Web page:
Giorgio Bella had a dream—to fully engage the church with the community.
Giorgio (George-e-o) Bella had a dream—to fully engage the church with the community. He is very active in the Adventist church in Ragusa on the island of Sicily. He leads out in the Pathfinder Club and serves as area coordinator. He owns a local business and offers a large classroom in his building to be used to teach skills classes to those who need it most.
Giorgio also serves as one of the volunteer leaders for ADRA (Adventist Development and Relief Agency) in Ragusa. He and co-leader Carmela Cascone wanted to expand Adventist work within the community.
When the ADRA service first began in Ragusa several years ago, the main function was to provide food and clothing to those in need. The volunteers then expanded their services to include social activities including Italian language courses for foreigners, a program of support and assistance to foreign prisoners, and some mental health services including a listening center.
Working with Others
After a while, however, the volunteers realized that this wasn’t a work they could do alone. “We wanted to expand what we were doing for society,” said Giorgio. “But we needed to work with the city council and others from outside the church.”
So Giorgio and Carmela decided to meet with officials from the Ragusa city council and ask the councillors what services were most needed in the area.
At first they sensed some hesitancy, since the councillors weren’t familiar with the Seventh-day Adventist Church, but as time went on and the councillors observed the work the ADRA volunteers were doing, their confidence grew.
Confidence grew so strong that in 2014 the project “Food Bank Foundation,” a food assistance program for needy families established by the City of Ragusa, was entrusted solely to ADRA Ragusa. The service includes the procurement, storage and distribution of food for families who have been referred by the local Social Services department.
The distribution center is located in part of the ground-floor area of an apartment building where the Ragusa Seventh-day Adventist Church is currently meeting.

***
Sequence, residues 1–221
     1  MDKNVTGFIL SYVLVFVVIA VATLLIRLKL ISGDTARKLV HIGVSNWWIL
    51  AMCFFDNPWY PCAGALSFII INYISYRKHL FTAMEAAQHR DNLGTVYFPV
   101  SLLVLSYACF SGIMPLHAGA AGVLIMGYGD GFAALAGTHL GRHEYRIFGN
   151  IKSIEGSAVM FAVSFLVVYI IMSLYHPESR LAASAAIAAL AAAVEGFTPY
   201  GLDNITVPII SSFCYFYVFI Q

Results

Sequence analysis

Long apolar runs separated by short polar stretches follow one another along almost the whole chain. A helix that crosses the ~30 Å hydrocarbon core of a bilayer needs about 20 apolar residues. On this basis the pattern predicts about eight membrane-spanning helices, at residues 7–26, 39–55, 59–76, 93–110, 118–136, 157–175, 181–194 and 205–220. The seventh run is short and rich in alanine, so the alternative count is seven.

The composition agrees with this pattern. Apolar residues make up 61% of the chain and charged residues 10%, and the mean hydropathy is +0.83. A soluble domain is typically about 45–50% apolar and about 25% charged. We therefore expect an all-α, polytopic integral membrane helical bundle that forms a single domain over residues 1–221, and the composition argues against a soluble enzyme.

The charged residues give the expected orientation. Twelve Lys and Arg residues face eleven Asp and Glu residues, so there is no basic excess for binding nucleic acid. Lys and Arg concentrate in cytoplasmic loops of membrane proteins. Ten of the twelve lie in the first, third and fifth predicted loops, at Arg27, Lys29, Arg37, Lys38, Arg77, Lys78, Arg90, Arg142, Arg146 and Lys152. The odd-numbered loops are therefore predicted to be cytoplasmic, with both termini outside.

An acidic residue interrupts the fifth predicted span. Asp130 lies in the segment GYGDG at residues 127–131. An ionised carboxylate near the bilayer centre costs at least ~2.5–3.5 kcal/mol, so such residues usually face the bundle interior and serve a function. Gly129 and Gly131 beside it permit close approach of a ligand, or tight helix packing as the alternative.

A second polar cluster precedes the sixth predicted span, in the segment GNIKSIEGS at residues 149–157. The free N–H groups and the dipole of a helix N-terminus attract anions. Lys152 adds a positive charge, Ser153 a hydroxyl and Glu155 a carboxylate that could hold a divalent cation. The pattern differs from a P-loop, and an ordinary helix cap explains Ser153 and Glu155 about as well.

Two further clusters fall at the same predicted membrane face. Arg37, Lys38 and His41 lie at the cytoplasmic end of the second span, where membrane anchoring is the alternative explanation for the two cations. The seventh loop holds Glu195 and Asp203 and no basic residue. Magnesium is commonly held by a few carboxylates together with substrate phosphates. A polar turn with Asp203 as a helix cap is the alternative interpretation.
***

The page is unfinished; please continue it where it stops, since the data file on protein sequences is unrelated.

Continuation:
“We have created a connection with the local people, with other [social welfare] associations, but we are the center,” says Giorgio. “Only ADRA has the exclusive right to distribute this food.” He notes the significance of this honor because until now in Sicily the Roman Catholic Church has been granted this exclusivity by the government.
“We invited all of the other associations, including the Catholic associations, to come to our church for a meeting. We have developed feelings of trust between us, and now they all see us as normal people,” Giorgio said with a smile. “We’re also trying to work with volunteers from outside of the Adventist church, too. We try to involve them one by one as part of the team. We have to be humble and professional.”
Life Has Changed
Joseph is just one of many people whose life has been touched by the Adventists in Ragusa. Being unemployed for some time, Joseph decided to approach the government for help.
“I was frustrated,” says Joseph. “When you’re in this situation, you feel bad even to ask [for help].”
The government social worker sent him to the center at the Adventist church, and there he received more help than he expected.
“The people here are really fantastic,” he said. They helped me a lot. They were interested in my situation and they loved me just as I am.”
After receiving assistance at the center for about a year and a half, Joseph decided he wanted to do more than just receive. Approaching Giorgio, Joseph told him that he would like to join the ADRA volunteer team and help others coming to the center, because he understood what they were going through. Giorgio agreed, and Joseph has now been serving as an ADRA volunteer for nearly a year.
“My life has really changed since I first came here,” said Joseph. “It’s changed because instead of thinking about my own needs, I’m listening to and thinking about the needs of others. And listening to others has even helped me to listen more to my wife and children. I can’t change the world, but I change small things that can help the people here. I’m happy that I’ve learned from Giorgio how to do that.”
Too Little Space
Many people who become acquainted with Giorgio want to know more about his church. The area where the Ragusa Adventists meet, however, is to small to accommodate all who would like to come. Part of this quarter’s Thirteenth Sabbath Offering will help to build a much-needed Seventh-day Adventist Church in Ragusa.